A neutron star is the densest known object in the universe, with the mass of about 1.4 Suns packed into a sphere about 12 miles (20 kilometers) across. Its density is about the same as a bare atomic nucleus. It is a stellar corpse, formed during a supernova explosion. When a massive star (more than about 8 times the mass of the Sun) explodes, its core implodes forming a very dense state of matter. On Earth or in the Sun, most of the volume of atoms is occupied by clouds of electrons. In neutron star matter, the electrons are squeezed into the protons (forming neutrons), allowing the matter to be condensed by about a factor of 100,000 (a one thousand trillion times reduction in volume). These neutron stars are born hot, and most appear to be born with strong magnetic fields and rotate very rapidly.
If we could see the thermal emission from the surface of a neutron star, we could determine its radius, temperature, and what it was made of. This would permit tests of theories of the structure of neutron stars and would let astronomers probe the characteristics of the densest stable state of matter known. About 1,500 neutron stars are now known, but most are pulsars (highly magnetized rapid rotators). The rest reside in close binary systems called X-ray binaries, where they emit X-rays as they accrete matter from their companions. In the pulsars and accreting sources, the surface emission is swamped by emission from other sources (such as the magnetosphere in a pulsar and the mass accretion process in the binaries). Only in an isolated neutron star can we measure the details of its surface, much as astronomers would study any star in the sky.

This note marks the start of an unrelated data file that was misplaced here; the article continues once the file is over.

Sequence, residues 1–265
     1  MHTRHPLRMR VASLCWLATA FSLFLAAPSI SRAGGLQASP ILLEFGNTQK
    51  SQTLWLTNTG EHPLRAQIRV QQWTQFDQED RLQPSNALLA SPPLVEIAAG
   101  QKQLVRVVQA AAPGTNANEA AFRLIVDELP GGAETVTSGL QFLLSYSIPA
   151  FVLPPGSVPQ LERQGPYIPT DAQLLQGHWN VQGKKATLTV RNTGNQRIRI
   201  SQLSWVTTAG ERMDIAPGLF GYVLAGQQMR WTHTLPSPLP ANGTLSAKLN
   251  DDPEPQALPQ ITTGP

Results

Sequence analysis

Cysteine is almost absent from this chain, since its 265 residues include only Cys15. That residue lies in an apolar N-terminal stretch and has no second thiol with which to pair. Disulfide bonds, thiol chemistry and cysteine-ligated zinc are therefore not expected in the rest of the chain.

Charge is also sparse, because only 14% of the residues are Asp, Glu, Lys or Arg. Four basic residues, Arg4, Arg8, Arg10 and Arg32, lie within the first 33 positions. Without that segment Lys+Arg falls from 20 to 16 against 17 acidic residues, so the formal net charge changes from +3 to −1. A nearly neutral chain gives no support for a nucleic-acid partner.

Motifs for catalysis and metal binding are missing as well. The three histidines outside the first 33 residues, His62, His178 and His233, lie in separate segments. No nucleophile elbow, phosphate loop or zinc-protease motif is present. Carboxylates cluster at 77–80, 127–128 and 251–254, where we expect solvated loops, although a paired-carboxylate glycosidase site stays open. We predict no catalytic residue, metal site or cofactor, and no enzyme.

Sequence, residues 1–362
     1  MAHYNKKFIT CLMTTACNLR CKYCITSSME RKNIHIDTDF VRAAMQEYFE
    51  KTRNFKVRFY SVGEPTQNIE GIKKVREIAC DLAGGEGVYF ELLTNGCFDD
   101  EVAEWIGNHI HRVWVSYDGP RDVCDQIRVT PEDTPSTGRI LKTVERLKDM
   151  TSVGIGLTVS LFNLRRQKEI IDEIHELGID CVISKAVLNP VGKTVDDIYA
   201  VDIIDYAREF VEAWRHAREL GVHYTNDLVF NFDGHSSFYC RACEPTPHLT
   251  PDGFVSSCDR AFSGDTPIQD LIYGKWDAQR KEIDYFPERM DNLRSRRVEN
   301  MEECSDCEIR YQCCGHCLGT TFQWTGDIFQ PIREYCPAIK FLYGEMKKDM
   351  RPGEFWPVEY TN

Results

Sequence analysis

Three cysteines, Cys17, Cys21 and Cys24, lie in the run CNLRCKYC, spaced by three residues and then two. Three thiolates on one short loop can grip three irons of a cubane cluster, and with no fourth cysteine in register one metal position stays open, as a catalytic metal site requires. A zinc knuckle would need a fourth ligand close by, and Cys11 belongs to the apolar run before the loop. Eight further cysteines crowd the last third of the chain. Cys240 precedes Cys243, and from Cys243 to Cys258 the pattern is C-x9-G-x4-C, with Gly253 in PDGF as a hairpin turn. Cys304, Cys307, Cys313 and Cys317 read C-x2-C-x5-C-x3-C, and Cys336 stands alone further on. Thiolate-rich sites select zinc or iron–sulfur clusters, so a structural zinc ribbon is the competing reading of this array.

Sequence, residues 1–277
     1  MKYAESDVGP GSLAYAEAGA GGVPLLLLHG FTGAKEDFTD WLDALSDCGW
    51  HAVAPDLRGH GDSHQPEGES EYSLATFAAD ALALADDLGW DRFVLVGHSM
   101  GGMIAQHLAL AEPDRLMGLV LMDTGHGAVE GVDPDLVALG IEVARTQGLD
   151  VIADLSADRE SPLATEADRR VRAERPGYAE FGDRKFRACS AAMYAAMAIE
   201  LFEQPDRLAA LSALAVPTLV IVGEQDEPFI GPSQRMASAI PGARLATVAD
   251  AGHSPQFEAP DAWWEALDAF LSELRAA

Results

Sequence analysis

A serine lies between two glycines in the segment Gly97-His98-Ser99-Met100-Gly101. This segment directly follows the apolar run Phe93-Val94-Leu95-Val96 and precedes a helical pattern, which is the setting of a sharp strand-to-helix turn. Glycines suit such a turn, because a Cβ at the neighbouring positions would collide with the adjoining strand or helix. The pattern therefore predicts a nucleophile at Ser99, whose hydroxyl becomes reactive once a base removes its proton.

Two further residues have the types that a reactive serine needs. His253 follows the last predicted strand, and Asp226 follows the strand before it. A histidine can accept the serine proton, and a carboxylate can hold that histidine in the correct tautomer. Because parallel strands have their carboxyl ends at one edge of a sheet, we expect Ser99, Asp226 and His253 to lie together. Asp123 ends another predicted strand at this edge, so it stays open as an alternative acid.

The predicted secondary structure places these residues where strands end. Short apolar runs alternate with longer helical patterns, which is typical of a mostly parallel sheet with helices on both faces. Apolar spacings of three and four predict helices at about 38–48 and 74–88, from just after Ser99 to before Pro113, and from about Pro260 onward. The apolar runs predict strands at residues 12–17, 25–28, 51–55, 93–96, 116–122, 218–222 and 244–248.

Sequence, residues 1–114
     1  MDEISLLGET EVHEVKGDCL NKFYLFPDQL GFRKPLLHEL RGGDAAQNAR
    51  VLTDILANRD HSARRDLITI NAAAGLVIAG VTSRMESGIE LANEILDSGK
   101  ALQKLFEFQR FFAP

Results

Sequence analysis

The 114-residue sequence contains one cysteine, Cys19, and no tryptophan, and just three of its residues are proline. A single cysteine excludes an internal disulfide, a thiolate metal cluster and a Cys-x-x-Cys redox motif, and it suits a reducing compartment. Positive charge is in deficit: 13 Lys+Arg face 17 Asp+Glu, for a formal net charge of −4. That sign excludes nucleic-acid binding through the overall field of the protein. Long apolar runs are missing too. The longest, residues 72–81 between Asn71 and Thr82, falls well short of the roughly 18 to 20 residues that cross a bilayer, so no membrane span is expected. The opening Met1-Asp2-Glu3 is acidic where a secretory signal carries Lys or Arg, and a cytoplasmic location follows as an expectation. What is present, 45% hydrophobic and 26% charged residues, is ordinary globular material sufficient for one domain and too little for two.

Of the isolated, non-pulsing neutron stars now known, RX J185635-3754 is the nearest and brightest. Hence, it is an excellent test bed for studies of the physics of neutron stars.
Why RX J185635-3754 is not a pulsar, despite its young age, is not yet known.